Efflorescence can present as a cosmetic problem but can sometimes also indicate an internal structural weakness in masonry substrates, and/or an issue with moisture ingress. Ensure any moisture ingress is addressed before attempting to remove efflorescence.
Initially, try to remove as much efflorescence as possible with a dry stiff bristled broom. If the efflorescence has hardened around surface cracking, then scraping with a steel scraper or similar may be required.
Using warm water can soften efflorescence and make removal easier. The use of a weak solution of hydrochloric acid (15 to 1) may also assist in effective removal. Care should always be taken regardless of removal method used to ensure that no damage to the coating occurs.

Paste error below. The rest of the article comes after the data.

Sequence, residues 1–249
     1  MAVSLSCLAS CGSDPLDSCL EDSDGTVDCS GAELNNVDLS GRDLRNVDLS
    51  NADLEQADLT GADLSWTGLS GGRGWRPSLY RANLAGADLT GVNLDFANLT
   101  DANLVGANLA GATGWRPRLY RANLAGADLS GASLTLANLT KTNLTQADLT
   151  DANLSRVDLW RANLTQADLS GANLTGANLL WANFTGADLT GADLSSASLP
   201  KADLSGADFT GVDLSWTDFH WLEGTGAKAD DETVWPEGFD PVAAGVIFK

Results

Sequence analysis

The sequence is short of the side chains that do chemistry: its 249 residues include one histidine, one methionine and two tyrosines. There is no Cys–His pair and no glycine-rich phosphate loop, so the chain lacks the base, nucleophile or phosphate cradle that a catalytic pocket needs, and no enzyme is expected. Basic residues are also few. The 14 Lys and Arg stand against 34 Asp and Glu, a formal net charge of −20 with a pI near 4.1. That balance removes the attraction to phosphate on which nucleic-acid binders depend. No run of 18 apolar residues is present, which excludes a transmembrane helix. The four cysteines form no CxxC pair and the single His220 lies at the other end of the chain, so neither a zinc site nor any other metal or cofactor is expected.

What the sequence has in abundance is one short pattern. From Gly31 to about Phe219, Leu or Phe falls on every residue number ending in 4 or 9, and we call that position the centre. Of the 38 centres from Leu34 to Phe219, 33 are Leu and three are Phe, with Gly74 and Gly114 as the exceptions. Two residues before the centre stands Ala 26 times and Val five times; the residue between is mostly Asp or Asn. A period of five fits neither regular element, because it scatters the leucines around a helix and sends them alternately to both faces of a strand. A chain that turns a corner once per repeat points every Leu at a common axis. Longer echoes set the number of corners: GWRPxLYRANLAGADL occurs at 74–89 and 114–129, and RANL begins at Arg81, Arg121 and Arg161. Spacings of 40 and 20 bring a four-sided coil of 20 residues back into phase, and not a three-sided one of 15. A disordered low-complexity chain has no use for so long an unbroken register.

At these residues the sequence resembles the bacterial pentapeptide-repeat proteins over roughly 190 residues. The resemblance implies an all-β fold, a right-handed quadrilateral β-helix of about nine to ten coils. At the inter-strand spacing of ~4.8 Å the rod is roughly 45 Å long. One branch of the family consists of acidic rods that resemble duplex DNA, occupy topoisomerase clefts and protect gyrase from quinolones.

When using acid solution, flood wall first with water and only allow the acid solution to have contact with the wall for a short time. Use acid strictly as directed by the manufacturer. DO NOT ADD WATER TO CONCENTRATED ACID.
In some cases where efflorescence is extensive and widespread, the use of a pressure cleaner may well be of benefit, but psi should not be sufficiently high as to damage the paint coating. Once efflorescence has been removed, the affected areas should be primed with Rockcote Anti Efflorescent Primer and then repainted or touched up with a suitable topcoat.